- “God’s eternal purpose is for you to be successful in this mortal life. No matter how wicked the world becomes, you can earn that blessing” (Richard G. Scott, “How to Live Well amid Increasing Evil,”Ensign (Conference Edition), May 2004, p. 102).
- “If you are single and haven’t identified a solid prospect for celestial marriage, live for it. Pray for it. Expect it in the timetable of the Lord. Do not compromise your standards in any way that would rule out that blessing on this or the other side of the veil. The Lord knows the intent of your heart. His prophets have stated that you will have that blessing as you consistently live to qualify for it. We do not know whether it will be on this or the other side of the veil. But live for it. Pray for it” (Richard G. Scott, “Receive the Temple Blessings,”Ensign (Conference Edition), May 1999, p. 27).
- “Should one live to qualify for all of the richest promised blessings but for reasons beyond his or her control not be able to obtain them on earth, there would be a compensating opportunity in postmortal life” (Richard G. Scott, “Truth Restored,”Ensign (Conference Edition), November 2005, p. 79).
- “Time and time again at funerals, statements are made that the deceased will inherit all blessings of celestial glory when that individual has in no way qualified by obtaining the necessary ordinances and by keeping the required covenants. That won’t happen. Such blessings can only be earned by meeting the Lord’s requirements. His mercy does not overcome the requirements of His law. They must be met” (Richard G. Scott, “First Things First,”Ensign (Conference Edition), May 2001, p. 9).
- “The demands of justice for broken law can be satisfied through mercy, earned by your continual repentance and obedience to the laws of God. Such repentance and obedience are absolutely essential for the Atonement to work its complete miracle in your life” (Richard G. Scott,, “The Atonement Can Secure Your Peace and Happiness,”Ensign (Conference Edition), November 2006, p. 42).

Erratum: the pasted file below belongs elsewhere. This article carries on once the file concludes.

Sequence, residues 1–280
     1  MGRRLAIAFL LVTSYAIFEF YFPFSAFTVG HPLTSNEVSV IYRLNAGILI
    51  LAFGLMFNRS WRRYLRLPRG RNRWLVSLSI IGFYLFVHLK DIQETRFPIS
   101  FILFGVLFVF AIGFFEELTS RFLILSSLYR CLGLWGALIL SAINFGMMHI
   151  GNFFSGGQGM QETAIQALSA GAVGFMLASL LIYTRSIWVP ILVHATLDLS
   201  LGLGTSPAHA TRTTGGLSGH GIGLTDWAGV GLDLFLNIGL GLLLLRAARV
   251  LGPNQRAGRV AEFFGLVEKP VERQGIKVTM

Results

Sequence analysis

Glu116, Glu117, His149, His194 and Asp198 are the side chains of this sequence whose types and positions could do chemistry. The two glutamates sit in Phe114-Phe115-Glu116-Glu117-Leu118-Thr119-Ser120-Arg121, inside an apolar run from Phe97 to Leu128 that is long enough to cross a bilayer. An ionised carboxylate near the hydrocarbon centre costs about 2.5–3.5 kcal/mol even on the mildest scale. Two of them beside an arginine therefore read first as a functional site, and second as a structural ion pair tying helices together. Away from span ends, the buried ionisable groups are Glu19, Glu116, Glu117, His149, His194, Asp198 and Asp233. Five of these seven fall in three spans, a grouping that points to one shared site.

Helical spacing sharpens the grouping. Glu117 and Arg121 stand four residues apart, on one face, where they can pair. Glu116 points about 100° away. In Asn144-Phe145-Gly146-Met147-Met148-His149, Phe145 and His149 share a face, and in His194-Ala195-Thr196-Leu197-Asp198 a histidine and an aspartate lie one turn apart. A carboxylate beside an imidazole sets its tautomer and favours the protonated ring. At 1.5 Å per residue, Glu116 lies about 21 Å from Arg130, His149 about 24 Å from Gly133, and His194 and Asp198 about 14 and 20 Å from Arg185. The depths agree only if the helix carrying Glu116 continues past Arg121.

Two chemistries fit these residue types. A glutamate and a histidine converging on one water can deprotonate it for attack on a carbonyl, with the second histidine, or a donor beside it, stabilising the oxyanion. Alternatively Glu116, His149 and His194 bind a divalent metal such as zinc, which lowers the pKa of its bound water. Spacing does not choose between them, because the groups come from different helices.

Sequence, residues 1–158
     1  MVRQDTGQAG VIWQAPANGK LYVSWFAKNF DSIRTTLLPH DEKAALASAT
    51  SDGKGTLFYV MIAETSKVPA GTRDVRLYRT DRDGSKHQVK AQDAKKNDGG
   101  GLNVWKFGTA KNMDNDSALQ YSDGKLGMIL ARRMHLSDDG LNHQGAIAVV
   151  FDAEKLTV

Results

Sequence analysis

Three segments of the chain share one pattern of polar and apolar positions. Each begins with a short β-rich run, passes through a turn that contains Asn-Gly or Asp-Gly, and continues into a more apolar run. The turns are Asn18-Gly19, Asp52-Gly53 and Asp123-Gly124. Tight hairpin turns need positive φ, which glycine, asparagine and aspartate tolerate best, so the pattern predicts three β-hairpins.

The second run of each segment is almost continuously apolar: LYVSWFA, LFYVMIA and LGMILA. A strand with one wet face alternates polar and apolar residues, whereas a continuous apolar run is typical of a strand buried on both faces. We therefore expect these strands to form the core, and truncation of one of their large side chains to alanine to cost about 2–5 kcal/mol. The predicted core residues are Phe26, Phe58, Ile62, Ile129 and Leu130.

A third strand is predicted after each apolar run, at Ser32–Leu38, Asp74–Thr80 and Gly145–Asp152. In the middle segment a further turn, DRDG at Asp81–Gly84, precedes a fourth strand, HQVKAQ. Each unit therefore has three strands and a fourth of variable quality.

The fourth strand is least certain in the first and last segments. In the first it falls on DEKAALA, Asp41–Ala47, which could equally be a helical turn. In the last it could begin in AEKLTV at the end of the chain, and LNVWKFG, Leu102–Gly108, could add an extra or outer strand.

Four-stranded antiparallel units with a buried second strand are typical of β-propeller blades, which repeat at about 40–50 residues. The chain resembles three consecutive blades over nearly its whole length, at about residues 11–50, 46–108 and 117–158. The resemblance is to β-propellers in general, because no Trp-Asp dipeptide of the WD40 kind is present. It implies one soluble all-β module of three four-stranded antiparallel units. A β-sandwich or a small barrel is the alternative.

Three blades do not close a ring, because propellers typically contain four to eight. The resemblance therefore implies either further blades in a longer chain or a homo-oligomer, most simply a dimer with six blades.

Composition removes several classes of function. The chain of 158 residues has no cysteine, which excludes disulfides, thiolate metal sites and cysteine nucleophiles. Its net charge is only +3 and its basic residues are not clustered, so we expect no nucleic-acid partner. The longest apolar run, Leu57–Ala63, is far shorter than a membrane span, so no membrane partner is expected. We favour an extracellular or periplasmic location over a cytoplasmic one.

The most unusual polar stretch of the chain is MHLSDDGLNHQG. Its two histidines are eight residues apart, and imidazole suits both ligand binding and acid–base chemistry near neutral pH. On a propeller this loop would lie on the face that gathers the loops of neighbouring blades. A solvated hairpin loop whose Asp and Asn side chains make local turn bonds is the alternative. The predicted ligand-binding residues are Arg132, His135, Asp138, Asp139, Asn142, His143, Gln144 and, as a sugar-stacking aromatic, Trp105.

- “The priesthood is the authority to act in the name of God. That authority is essential to the fulfillment of His work on earth. The priesthood we hold is a delegated portion of the eternal authority of God. As we are true and faithful, our ordination to the priesthood will be eternal. However, the conferring of authority alone does not of itself bestow the power of the office. The extent to which we can exercise the power of the priesthood depends upon personal worthiness, faith in the Lord Jesus Christ, and obedience to His commandments” (Richard G. Scott, “Honor the Priesthood and Use It Well,”Ensign (Conference Edition), November 2008, p. 44).
- “Obedience to all the commandments. Full obedience brings the complete power of the gospel into your life with strength to focus on the abandonment of specific sins. It includes things you might not initially consider part of repentance, such as attending meetings, paying tithing, giving service, and forgiving others. The Lord said: ‘He that repents and does the commandments of the Lord shall be forgiven’” (Richard G. Scott, “Finding Forgiveness,”Ensign (Conference Edition), May 1995, p. 75. Italics in original).
- “The fruit of true repentance is forgiveness, which opens the door to receive all of the covenants and ordinances provided on this earth and to enjoy the resulting blessings. When a repentant soul is baptized, all former sins are forgiven and need not be remembered. When repentance is full and one has been cleansed, there comes a new vision of life and its glorious possibilities. How marvelous the promise of the Lord: ‘Behold, he who has repented of his sins, the same is forgiven, and I, the Lord, remember them no more.’ The Lord is and ever will be faithful to His words” (Richard G. Scott, “Finding Forgiveness,” Ensign (Conference Edition), May 1995, p. 75).